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Despite this year’s tumult at the highest levels of University administration, Harvard’s fundraisers raked in a smidgen more than last year.
Annual gifts to Harvard grew to $595 million in fiscal year 2006, the University’s second-highest annual results. The total contributions were a slight increase over the previous year, when Harvard received $590 million in gifts.
“Our fundraising remained strong throughout the year,” said Vice President for Alumni Affairs and Development Donella M. Rapier in a press release. “We are enormously grateful to our alumni and friends for their generosity and continued dedication to Harvard.”
While gift receipts to Harvard Business School in 2006 totaled only $57 million—a 54 percent decline from the previous year, when the final year of a capital campaign helped to boost the B-School bounty—Harvard said that other parts of the University “more than offset” the decline. Gifts to the Faculty of Arts and Sciences rose 15 percent.
Significant commitments announced during the past fiscal year, which ended on June 30, include a $100 million donation from homebuilding magnate Eli Broad and his family to finance genomics research; $20 million from Saudi Prince Alwaleed Bin Talal to fund a program for Islamic studies; and the $50 million University Professorship Challenge, a matching fund established by six alumni.
The strong fundraising returns came amid fears that large donors would table their gifts in the wake of University President Lawrence H. Summers’ departure. Lawrence J. Ellison, chief executive of Oracle Corp., called off his plans to donate $115 million and create the Ellison Institute for World Health—a decision he attributed to Summers’ resignation. At least three other substantial gifts were cancelled, including $100 million from publisher and real-estate tycoon Mortimer Zuckerman, $100 million from former Harvard Corporation member Richard A. Smith ’46, and $75 million from banker David Rockefeller ’36, The Wall Street Journal reported in July.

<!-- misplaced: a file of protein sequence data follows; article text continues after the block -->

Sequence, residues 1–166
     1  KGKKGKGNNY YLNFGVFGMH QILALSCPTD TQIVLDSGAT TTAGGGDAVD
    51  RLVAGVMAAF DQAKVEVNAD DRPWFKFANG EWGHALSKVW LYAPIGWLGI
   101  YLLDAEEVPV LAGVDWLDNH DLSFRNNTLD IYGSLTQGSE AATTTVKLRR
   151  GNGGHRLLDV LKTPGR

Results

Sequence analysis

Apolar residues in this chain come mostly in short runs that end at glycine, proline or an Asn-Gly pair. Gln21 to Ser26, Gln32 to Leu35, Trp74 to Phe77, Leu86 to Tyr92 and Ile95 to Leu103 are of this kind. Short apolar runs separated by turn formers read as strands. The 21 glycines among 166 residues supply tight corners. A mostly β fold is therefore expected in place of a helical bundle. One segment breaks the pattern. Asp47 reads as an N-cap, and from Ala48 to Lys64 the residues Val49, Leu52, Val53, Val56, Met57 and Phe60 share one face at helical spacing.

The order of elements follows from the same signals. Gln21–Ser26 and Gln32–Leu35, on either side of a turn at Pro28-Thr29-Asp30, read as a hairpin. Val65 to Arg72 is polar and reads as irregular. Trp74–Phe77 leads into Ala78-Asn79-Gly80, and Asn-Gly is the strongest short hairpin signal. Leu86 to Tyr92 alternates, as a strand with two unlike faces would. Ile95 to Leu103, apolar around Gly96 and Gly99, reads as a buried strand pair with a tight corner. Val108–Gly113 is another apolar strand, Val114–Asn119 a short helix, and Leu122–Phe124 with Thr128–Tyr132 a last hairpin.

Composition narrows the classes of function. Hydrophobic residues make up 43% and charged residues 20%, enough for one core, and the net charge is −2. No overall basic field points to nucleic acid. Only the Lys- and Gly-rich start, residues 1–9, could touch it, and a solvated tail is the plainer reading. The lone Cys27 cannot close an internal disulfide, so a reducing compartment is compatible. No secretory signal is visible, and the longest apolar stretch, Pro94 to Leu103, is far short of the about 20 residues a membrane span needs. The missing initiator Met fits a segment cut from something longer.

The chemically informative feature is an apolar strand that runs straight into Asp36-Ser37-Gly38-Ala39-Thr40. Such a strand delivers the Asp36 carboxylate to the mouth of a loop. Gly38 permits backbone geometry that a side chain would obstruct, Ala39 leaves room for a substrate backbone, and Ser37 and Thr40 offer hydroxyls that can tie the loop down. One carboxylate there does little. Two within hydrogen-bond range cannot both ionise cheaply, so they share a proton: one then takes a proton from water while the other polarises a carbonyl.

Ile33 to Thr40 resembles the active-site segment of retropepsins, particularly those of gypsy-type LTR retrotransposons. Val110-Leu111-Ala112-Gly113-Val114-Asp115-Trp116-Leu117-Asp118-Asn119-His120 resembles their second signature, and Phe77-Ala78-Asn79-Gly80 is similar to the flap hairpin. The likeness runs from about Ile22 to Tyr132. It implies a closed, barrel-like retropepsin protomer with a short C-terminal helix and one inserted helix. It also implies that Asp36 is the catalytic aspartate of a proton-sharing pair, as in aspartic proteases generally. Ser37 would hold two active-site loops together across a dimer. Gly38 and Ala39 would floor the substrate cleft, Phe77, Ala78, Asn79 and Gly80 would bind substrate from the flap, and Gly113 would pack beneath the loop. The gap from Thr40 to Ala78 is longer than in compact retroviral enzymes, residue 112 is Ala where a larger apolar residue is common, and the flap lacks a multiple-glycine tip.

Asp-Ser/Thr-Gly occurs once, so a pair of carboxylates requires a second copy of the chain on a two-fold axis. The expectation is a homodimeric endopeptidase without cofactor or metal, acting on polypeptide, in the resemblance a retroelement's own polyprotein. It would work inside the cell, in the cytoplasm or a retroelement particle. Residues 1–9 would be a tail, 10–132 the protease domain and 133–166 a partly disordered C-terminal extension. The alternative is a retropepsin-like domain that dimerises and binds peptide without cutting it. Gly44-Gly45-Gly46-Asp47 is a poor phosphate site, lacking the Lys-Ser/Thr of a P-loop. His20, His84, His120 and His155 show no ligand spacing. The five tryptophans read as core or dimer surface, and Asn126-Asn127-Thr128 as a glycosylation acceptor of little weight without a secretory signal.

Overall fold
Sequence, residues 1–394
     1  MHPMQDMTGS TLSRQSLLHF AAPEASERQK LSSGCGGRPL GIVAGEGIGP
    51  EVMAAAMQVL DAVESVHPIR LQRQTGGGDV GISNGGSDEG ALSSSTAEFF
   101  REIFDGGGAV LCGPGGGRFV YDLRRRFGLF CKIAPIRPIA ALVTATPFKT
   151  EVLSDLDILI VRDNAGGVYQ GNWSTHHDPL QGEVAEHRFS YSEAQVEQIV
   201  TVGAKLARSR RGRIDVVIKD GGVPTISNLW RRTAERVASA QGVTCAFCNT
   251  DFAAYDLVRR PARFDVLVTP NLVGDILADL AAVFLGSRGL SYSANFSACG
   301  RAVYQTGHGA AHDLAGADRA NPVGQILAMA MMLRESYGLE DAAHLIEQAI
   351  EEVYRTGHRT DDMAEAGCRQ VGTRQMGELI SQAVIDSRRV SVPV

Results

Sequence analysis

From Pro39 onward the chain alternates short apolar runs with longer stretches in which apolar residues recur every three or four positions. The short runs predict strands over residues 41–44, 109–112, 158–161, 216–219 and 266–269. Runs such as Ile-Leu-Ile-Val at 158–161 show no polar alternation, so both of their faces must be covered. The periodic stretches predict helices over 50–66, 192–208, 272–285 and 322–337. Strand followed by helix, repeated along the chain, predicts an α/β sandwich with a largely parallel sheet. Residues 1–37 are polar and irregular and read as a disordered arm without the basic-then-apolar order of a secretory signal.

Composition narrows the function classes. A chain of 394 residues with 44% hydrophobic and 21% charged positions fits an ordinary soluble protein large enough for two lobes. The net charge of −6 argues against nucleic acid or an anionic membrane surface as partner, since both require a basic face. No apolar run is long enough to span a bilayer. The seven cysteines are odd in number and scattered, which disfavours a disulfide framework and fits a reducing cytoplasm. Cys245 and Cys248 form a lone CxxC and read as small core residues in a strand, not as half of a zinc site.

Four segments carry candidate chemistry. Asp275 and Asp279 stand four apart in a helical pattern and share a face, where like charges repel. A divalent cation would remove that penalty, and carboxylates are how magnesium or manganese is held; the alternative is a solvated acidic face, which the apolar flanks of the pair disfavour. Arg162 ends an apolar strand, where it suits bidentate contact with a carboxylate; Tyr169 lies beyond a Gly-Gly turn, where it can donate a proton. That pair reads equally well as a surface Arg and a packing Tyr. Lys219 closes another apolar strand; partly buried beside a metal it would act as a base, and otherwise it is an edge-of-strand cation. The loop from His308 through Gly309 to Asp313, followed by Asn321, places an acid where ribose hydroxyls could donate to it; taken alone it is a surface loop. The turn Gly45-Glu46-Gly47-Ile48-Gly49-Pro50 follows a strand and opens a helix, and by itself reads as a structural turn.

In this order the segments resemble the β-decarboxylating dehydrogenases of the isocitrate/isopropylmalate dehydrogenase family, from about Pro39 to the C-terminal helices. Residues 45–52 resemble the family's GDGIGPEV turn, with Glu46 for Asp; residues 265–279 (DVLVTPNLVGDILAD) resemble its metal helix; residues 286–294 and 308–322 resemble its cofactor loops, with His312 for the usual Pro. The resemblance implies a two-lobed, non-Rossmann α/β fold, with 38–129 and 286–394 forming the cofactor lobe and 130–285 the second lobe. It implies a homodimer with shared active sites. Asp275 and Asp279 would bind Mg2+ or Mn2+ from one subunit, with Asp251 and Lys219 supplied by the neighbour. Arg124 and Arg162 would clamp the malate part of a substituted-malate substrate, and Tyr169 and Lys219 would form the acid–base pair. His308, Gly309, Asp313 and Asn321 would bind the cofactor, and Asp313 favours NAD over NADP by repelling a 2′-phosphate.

Interim President Derek C. Bok said in May that he expects to see a temporary drop in gift-giving over the coming year as donors wait for a permanent president to take office.
“I think a number of donors will probably feel that they will like to wait and see who the next president is before making commitments,” Bok said.
But, he added, “I don’t think the total amount over a two, three-year period will be affected.”
Harvard will also wait until a permanent president takes office before launching its multi-billion-dollar capital campaign, which could be the largest in higher-ed history. The public launch of the campaign has already slipped from Harvard officials’ initial expectations.
“Quite naturally, we think that any University campaign will be most successful with a president in place, so any decisions about that will likely wait” until a new leader takes charge, Rapier said in an interview last spring.
The University’s most successful fundraising year was 2001, in which Harvard raised $658 million in nominal terms. Harvard fundraisers attribute that year’s total to several unusually large one-time gifts, including a $50 million donation from the Ford Foundation.
—Staff writer Nicholas M. Ciarelli can be reached at firstname.lastname@example.org.
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